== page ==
Braveheart Emmanuel

Baby Emmanuel was born to bring joy to the world around him, his parents and family. But barely had the family held him in the crook of their arms than they saw him slipping out of their grasp as he was diagnosed with a rare heart defect. His parents carried him from one doctor to another, waited at clinics for a cure till the day he turned blue and they rushed him to Indraprastha Apollo Hospital in Delhi. There was only one way to save him, correct his defect through an open heart surgery. He was just six months old. Today, another month older, he is learning to flip and sit up as he probes the world.

What Emmanuel Lila Kamank, a Kenyan by birth, had was a rare cyanotic congenital heart defect known as Taussig-Bing anomaly. Explains Dr Muthu Jothi, Senior Consultant and Paediatric Cardiothoracic surgeon, “When Emmanuel came to Apollo, he was already cyanotic, which means that he had bluish discoloration of skin due to lack of oxygen in his blood. On examination, it was found that his respiratory rate was below normal at 20 breaths per minute. At the hospital, he suddenly underwent respiratory arrest. The attack was so severe that the child also had a cardiac arrest. His condition was pretty dire due to which he was put on ventilator and shifted to cardiac ICU.”

Dr Jothi elaborated the criticality of the baby’s condition: “The child was already diagnosed with Taussig-Bing anomaly, which is a malformation of the heart in which there is transposition of aorta to the right ventricle which in normal case should originate from the left ventricle. At the same time, his pulmonary artery was also wrongly positioned into the right ventricle. This is called double outlet right ventricle defect. Upon further investigation, we found out that there was also an interrupted aortic arch (block in the aorta). On top of that, the child had large subpulmonary ventricular septal defect (VSD), atrial septal defect (ASD), and Patent ductus arteriosus (PDA), wherein ductus arteriosus, the blood vessel that is open when the child is inside the mother’s womb, does not close. In addition to all this, he also had a single coronary origin giving rise to right and left coronary arteries. The right coronary had a part inside the wall of the aorta which we call as intramural coronary artery. This makes it very difficult technically to relocate the coronary arteries into the new aorta. Needless to say, it was very high risk case with limited chances of success even with surgery. We devised a treatment plan for the baby, but informed his family about the 50-60% surgical risk associated with it. The family consented to the high risk and we decided to go ahead with the procedure.”

On January 21, Dr Jothi and his team, consisting of Dr Manisha Chakrabarti, Senior Consultant, Paediatric cardiologistand Dr Reetesh Gupta, Senior Consultant, Paediatric intensivist, shared notes and attempted what would be a unique challenge to their established abilities. And they had to do it within a time limit or risk losing the baby forever. Explaining the complexity of the surgery, Dr. Muthu Jothi said, “The procedure was done under total circulatory arrest, which means that the entire blood in circulation in his body was drained into the heart lung machine. Before that we had to cool the child’s body to 16 degree Celsius. This is near freezing for the human body. We even put ice on the surface of his brain. Without circulation, we can keep the patient in this state for a maximum of 45 minutes. Beyond that, there’s the risk of injury to the brain, spinal cord, kidneys and other organs. The total time Emmanuel was on total circulatory arrest was 30 minutes. During this time we repaired the aortic arch interruption by tying off and disconnecting the PDA blood vessel and connecting it to the aortic arch.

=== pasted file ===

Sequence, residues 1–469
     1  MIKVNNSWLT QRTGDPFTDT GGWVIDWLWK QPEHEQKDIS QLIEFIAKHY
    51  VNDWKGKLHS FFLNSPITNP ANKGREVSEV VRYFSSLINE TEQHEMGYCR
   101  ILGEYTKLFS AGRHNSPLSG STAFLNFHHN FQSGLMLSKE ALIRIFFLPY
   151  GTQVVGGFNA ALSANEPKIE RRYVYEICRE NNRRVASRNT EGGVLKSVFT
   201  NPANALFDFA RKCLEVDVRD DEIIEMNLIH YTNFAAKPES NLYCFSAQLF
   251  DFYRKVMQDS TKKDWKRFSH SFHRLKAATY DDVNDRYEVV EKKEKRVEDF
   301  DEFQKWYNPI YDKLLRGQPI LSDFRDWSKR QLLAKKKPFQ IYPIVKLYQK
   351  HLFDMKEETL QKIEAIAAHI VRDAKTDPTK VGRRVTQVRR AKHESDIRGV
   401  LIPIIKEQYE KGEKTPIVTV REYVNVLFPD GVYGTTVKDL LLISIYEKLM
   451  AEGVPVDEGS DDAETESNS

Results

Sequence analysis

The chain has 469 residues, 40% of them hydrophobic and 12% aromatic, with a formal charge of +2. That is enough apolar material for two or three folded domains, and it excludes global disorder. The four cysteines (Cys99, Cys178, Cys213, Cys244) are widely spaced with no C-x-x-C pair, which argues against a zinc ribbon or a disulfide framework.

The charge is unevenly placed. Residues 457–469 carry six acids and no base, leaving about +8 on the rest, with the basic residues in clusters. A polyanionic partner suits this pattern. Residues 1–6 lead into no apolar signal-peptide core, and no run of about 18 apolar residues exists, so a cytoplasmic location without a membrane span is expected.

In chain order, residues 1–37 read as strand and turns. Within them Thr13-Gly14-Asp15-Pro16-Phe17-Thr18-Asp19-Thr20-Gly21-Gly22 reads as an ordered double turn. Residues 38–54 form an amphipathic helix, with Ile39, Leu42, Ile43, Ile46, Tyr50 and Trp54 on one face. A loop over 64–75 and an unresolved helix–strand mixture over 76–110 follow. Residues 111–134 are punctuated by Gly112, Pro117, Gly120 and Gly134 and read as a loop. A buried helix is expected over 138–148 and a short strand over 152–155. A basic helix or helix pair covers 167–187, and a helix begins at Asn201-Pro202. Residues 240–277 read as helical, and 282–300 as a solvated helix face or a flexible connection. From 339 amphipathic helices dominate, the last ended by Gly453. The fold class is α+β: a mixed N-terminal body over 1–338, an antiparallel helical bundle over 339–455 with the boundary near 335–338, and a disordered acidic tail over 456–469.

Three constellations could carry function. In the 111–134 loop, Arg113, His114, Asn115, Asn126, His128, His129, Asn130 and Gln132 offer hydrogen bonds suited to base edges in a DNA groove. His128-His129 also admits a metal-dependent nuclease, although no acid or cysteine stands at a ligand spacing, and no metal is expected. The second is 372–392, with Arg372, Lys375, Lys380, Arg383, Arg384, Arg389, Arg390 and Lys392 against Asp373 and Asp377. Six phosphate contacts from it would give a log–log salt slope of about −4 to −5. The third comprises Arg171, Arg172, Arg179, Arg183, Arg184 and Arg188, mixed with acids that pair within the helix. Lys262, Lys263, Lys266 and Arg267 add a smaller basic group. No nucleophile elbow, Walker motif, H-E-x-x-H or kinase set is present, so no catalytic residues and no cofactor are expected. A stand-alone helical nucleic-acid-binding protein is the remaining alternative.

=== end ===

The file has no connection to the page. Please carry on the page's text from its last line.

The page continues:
“After doing this, we put the child again on the heart-lung machine and did the switch operation to put the blood vessels in their correct position. The intramural coronary artery was a very difficult condition where we had to mobilise this blood vessel and re-implant it into the new aorta. During this process if there’s an error of even half a millimetre, if it doesn’t go exactly where it needs to go, then the blood supply to the coronary artery could be reduced, which can cause a heart attack. This repair was followed by closure of ventricular septal defect (VSD) and atrial septal defect (ASD). It was a very long surgery lasting almost nine hours.”

The operation was successful and the baby was shifted to the ICU in a stable condition but with his chest still open. “The chest was kept open for 24 hours because there was a lot of swelling in the heart once we did the operation. Once the swelling came down and the child started passing urine post 12 hours after the operation, we closed the chest in the ICU. After this, child stayed for nearly a week on the ventilator,” Dr Muthu told us.

Baby Emmanuel slowly recovered and was discharged on the 17th day. For his parents, he was reborn that day. They thanked the doctors profusely, saying, “By the grace of God and the tireless efforts of Dr. Muthu Jothi and his team, Emmanuel is now well and has a long life ahead of him. Our prayers have been answered at Apollo and we cannot thank the doctors enough for their dedication. They kept us motivated throughout the treatment process.” We send our prayers to him in Kenya and hope he grows to be a fine young man. As we said, he was born to bring joy to the world.

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